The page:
Ticknall Tramway

With the railway complete and in reasonable order, arrangements for its use were tightened up. The working of traffic was prohibited between one hour after sunset and one hour before sunrise. In 1806 the transit of any wagon weighing more than two tons was prohibited, and in 1808 the speed was restricted to walking pace.

The Ashby Canal continued beyond Willesley for another three miles to Moira and it seems rather remarkable that, having taken the trouble to make tramroads to Ticknall and Cloud Hill, the company did nothing at that time to make a tramroad at Moira to collieries and potteries in the neighbourhood of Swadlincote and Gresley. Nevertheless, nothing seems to have been done in this matter until 1823, when Ticknall had been served by tramroad for some twenty years. It was decided to make a three mile long tramroad to Swadlincote in 1826 and when it was opened in July 1827, it was an occasion for all kinds of festivities. The tramroad joined up with others owned privately by colliery companies. About this time, soft water was found in the Moira pits which was thought to be valuable medicinally. Baths were built at the Bath Hotel near the pits and were well patronised until the Royal Hotel was built in Ashby, and the town began to gain some reputation as a spa. The Moira water was conveyed to Ashby in tanks and visitors to Ashby are said to have travelled by boat on the canal or, of course, by coach.

Ticknall Tramway and nearby transport links. Click to enlarge.

In 1828, Earl Ferrers required a tramroad to be made to his lime-works near Staunton Harold and a route was marked out from Dimminsdale, running for most of the way alongside the Melbourne to Smisby road, south of Calke Abbey. It joined the tramroad from Ticknall at a point where it crossed this road at South Wood. This additional branch to the tramroad system opened in September 1830. The Ashby canal and its tramroads then seem to have operated uneventfully until 1845, by which time the traffic was beginning to decline. Also by this time, main line railways were being built all over the country and the Midland Railway Company, with its headquarters in Derby, was anxious to keep other companies away from the coalfields in this area. It planned to make a railway from Burton to Nuneaton, which would have been roughly parallel to the Ashby canal and would obviously be detrimental to it, so it purchased the canal with its tramroads for £110,000 although it did not immediately build the proposed railway. In this way, the Midland Railway became the owner of the canal with its tramroads.

Rail routes through Ashby de la Zouch. Click to enlarge.

In 1849, Mr C. Abney Hastings, who owned the land on which part of the tramroad between Willesley and Ashby had been built, gave notice that he required possession of it, and on consulting the lawyers, the Midland Railway discovered that, as successors to the canal company, they were tenants and not owners of the land. They therefore decided to close this section on 1st. June 1850, and informed the traders accordingly. The rails were removed and the traffic transferred to the newly opened railway which the company had made from Leicester to Burton. This closure left the tramroads from Ashby to Ticknall, Dimminsdale and Cloud Hill isolated from the canal system and their traffic was transferred to the railway at Ashby instead.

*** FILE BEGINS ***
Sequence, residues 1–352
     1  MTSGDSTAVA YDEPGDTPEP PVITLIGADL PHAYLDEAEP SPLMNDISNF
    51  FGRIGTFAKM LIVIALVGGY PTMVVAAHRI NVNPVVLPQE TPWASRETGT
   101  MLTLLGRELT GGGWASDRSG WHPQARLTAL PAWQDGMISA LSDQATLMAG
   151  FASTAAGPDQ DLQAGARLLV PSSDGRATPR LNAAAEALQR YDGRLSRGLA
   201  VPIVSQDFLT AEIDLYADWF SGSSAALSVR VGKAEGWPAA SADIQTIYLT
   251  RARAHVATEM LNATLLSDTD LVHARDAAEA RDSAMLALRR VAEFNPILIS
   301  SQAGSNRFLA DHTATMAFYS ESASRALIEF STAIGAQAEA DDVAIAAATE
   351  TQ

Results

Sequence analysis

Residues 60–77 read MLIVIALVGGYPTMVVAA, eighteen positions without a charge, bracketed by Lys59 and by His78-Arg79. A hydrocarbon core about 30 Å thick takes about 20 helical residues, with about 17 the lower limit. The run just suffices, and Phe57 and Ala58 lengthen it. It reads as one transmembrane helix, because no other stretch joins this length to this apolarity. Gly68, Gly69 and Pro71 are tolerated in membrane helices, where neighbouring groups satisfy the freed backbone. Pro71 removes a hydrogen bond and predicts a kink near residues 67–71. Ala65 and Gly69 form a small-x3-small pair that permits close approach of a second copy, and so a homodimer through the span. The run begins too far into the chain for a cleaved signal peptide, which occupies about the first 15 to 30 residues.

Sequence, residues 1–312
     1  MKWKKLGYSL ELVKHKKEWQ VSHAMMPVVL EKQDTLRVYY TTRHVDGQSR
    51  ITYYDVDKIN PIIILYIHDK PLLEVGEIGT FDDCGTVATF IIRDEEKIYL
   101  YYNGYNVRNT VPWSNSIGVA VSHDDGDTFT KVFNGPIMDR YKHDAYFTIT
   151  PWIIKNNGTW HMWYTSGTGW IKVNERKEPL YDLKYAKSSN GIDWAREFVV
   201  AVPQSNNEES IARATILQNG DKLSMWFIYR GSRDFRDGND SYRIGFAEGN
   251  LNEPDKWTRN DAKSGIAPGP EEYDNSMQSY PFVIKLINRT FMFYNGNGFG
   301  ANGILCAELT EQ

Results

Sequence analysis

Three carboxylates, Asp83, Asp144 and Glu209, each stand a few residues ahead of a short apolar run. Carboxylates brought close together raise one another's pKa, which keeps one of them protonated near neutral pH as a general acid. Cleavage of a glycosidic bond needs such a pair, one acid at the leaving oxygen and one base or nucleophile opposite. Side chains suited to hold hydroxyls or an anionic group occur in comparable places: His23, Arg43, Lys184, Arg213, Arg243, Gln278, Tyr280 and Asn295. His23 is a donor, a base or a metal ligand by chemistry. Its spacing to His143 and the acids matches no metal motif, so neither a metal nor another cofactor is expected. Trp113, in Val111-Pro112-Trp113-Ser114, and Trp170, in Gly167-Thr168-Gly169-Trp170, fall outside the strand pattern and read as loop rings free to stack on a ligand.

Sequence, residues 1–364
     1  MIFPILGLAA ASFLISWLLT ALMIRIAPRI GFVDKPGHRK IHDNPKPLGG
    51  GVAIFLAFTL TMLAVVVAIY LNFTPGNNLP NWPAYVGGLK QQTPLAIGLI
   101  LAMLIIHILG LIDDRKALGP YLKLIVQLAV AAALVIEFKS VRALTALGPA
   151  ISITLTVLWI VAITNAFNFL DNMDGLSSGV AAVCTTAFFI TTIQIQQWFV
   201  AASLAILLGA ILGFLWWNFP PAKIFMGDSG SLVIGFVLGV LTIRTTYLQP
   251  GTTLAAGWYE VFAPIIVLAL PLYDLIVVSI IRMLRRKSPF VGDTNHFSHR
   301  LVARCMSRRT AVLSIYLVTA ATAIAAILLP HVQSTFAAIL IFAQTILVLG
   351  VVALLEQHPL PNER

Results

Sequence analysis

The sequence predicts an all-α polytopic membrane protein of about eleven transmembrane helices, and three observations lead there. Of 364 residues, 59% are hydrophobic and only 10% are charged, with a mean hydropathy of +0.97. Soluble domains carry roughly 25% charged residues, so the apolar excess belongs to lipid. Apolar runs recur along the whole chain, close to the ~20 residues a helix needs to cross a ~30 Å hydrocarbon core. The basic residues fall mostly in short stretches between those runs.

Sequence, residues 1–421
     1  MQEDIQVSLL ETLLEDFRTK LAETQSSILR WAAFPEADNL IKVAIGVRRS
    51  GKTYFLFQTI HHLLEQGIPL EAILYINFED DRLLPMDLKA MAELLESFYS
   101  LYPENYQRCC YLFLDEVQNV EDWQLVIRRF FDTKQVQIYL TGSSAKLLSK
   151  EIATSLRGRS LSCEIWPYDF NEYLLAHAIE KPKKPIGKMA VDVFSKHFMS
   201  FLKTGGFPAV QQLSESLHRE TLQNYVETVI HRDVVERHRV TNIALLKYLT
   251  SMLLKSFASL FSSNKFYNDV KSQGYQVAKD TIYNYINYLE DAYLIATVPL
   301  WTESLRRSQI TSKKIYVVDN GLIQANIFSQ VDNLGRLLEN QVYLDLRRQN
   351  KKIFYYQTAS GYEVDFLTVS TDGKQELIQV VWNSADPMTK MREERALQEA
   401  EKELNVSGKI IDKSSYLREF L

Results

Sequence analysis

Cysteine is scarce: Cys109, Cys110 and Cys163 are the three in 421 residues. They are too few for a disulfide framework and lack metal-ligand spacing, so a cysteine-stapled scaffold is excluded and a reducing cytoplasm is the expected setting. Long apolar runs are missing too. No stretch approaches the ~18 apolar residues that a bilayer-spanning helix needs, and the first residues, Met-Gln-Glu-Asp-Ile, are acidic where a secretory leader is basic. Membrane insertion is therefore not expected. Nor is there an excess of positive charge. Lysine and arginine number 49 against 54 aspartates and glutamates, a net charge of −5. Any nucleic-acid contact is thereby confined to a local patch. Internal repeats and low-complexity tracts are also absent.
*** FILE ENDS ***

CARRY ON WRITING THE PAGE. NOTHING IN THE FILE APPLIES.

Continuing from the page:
The Midland Railway next approached the district from another direction, opening its branch line from Derby to Melbourne in September 1868. Eventually, the company decided to turn the section of tramroad between Breedon and Ashby into a standard gauge railway. A passenger service between Ashby and Derby via Melbourne began on 1st January 1874. In Ashby, the trains started from a branch platform at some little distance from the older station buildings (demolished c. 1968). The line portrayed its tramway origin in the way it curved sharply northwards through the town, running along narrow passages between garden walls and crossing streets on the level. Some of the old route was too erratic for a railway to follow and some deviations were necessary – one section of the old route was kept as a factory branch and crossed the Derby road, known here as The Callis, by a stone bridge with curved abutments similar to canal bridges in the area and not unlike the Ticknall bridge. No doubt several of you remember it as, although I do not know when it was demolished, I feel sure it was still there thirty years ago. On the south side, it was built of a warm, yellow stone, but the north side had been refaced in brick.

Plate rail diagram. Click to enlarge.

Old Parks tunnel was enlarged to take full-sized trains and it was also shortened. At the northern end there was a low wharf which served as a point for exchanging traffic with the standard gauge railway, as lime continued to be brought down the Ticknall line, together with some farm produce. Here there was a house, known as Tunnel House, the residence of the man in charge of the tram-road, and there was also a weighbridge at one time. At this point, the standard gauge railway left the course of the old tramroad and passed through Lount Woods and the colliery sidings and onto Worthington and Breedon. All that now remained of the tramroad was the line to Ticknall and its branch to Dimminsdale (Staunton Harold). The Dimminsdale branch continued in use until March 1891, and the last trip over the Ticknall line is believed to have been opened on 20th. May 1913, by which time the tramroad had been at work for something like 110 years. It was not ‘officially’ closed until September 1915, and it is believed that a wagon drawn by a horse passed over the line occasionally up to that time, to preserve the Midland Company’s right of way.

Bryan Smith
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Bryan Smith

Bryan is the editor of Ticknall Life community magazine. (For over 20 years.)